Software Defined Networks seems to be the big buzzword of the moment, well it certainly is in our office.
SDN brings core functions such as centralised control and automation to your virtualised networks, allowing new environments and networks to be spun up in a matter of minutes.
However with new technologies, there are always new security concerns.
Among those concerns are subjects such as
- Securing the controller
- Physical and Virtual Security
- Traditional Vs Next Generation Firewalls
- Security Event and Incident Management
- Automation and APIs
A lot of these concerns and questions have arisen in my mind whilst I’ve been researching the SDN Security in preparation of our new Office SDN Lab and, as ever, there is a wealth of information from numerous sources online. In fact, there may even be too much out there to digest easily, so I’m going to start with one topic per blog and will talk about some of the concerns around each and what can be done to mitigate the risks involved.
Today we are going to talk about the Securing the controller.
What is the controller?
Essentially the controller is the brain behind the switching and routing in your virtual environment, with the ability to push changes centrally to all subscribed network nodes and as such it becomes the single biggest point of risk.
A simple misconfiguration from the controller, whether by design or not, has the ability to take the network down.
The following points are all important considerations when designing your network.
As with any management system, consideration as to its location on your networks and how that location reached is vital. I am a big fan of dedicated and protected management networks, ensuring that all management is allowed granularity and is kept separate from production networks. It is also important to ensure that all system access is logged, so you know by whom and when the system has been accessed.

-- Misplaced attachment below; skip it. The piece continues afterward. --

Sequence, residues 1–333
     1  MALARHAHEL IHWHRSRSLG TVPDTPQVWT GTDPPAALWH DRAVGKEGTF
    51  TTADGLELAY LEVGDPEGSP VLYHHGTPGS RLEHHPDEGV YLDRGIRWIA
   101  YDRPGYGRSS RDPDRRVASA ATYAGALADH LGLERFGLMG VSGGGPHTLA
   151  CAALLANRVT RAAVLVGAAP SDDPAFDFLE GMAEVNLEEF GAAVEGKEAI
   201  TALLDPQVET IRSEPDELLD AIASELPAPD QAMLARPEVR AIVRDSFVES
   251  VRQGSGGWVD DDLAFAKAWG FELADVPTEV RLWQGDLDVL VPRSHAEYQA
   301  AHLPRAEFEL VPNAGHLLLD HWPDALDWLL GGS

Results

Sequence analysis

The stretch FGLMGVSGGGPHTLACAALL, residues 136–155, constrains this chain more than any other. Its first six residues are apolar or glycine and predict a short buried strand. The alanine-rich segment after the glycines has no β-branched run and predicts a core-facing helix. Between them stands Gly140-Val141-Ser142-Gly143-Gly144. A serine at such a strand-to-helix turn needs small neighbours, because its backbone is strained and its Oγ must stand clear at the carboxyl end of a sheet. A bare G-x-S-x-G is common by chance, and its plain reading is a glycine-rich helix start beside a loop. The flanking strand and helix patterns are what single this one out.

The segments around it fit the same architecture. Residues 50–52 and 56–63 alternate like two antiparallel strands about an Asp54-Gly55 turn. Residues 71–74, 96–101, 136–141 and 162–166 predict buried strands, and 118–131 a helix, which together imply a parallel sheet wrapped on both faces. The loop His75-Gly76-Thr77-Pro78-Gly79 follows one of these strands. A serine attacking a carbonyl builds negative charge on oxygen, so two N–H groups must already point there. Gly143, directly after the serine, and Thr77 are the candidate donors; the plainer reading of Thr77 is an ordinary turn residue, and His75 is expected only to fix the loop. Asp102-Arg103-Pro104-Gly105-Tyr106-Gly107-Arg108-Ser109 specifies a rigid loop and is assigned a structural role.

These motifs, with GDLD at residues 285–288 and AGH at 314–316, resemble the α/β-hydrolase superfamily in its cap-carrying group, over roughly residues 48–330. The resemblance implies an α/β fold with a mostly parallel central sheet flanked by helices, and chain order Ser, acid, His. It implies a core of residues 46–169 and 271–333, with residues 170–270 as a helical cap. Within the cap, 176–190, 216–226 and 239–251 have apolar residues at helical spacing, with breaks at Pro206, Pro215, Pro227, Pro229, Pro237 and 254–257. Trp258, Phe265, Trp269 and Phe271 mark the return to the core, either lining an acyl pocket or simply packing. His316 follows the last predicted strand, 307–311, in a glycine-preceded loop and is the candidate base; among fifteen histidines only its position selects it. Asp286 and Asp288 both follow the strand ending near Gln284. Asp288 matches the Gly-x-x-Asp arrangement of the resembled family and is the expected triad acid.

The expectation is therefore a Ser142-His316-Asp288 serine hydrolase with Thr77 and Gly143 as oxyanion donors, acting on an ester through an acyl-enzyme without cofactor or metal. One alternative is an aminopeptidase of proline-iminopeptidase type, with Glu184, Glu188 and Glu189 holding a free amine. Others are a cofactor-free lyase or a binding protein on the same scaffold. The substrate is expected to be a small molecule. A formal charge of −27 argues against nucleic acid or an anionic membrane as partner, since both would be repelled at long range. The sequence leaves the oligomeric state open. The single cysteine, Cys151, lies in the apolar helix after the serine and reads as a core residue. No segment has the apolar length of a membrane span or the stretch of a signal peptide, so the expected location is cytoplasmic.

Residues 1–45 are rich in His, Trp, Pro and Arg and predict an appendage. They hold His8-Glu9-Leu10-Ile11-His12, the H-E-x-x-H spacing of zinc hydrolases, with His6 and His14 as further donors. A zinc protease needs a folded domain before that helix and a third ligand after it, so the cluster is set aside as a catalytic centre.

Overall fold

Communication, not only to the controller, but also from the controller, in particular to the network nodes needs to be secure. Most Switches and Routers will have SSH and SSL capabilities, which can easily be utilised.
The underlying operating system for the controller will need to be hardened to ensure that no OS vulnerabilities compromise the system.
Ensure that everything that comes out of your controller is logged. Admins will have control centrally over the Virtual Network and therefore all changes made via the controller should be logged and exported to your infrastructure Event Manager. This should be standard practice when dealing with multi tenant environments in order to ensure full audit paths.
As mentioned at the start of this blog, the controller is the brain behind the routing and switching, therefore if the controller goes down (for example, because of a DDoS attack), so does the ability to manage your network. As with any resilient network, high availability should be considered when designing.
Next Blog from me, will be looking at Physical and Virtual firewalls and Traditional vs Next Generation firewalls within SDN.
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